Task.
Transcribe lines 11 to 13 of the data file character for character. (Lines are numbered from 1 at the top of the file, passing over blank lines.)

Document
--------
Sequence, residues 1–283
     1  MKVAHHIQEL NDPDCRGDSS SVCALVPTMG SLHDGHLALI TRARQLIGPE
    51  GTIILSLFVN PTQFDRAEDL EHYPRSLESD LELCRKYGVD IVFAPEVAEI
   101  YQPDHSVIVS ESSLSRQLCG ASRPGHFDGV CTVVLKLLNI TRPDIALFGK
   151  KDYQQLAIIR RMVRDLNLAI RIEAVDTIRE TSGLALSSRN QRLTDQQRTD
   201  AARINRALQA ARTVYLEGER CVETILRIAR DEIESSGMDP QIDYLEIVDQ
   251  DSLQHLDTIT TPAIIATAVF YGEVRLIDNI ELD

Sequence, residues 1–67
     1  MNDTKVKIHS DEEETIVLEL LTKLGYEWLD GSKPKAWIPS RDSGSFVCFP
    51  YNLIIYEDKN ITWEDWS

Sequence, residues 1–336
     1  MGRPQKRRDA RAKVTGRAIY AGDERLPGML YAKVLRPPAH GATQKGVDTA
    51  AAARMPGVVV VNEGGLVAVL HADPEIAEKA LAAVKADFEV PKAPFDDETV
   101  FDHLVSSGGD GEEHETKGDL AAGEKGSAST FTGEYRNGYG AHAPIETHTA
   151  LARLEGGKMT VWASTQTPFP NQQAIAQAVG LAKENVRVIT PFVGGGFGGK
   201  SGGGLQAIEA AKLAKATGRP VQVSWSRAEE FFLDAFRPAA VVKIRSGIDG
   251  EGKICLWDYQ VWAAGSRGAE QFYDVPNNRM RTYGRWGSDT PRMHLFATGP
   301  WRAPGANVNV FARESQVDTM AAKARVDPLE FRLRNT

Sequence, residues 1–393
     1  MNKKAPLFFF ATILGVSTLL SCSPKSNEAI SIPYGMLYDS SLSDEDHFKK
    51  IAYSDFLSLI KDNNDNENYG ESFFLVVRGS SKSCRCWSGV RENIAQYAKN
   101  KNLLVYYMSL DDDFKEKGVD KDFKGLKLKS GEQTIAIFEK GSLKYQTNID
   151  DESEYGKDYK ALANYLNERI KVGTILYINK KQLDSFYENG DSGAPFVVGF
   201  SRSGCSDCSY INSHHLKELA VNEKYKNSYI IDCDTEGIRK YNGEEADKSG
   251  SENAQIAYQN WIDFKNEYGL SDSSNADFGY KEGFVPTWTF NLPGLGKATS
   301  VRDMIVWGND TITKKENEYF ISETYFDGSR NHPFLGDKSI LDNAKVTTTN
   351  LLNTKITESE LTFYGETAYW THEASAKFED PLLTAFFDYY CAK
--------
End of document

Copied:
Sequence, residues 1–336
     1  MGRPQKRRDA RAKVTGRAIY AGDERLPGML YAKVLRPPAH GATQKGVDTA
    51  AAARMPGVVV VNEGGLVAVL HADPEIAEKA LAAVKADFEV PKAPFDDETV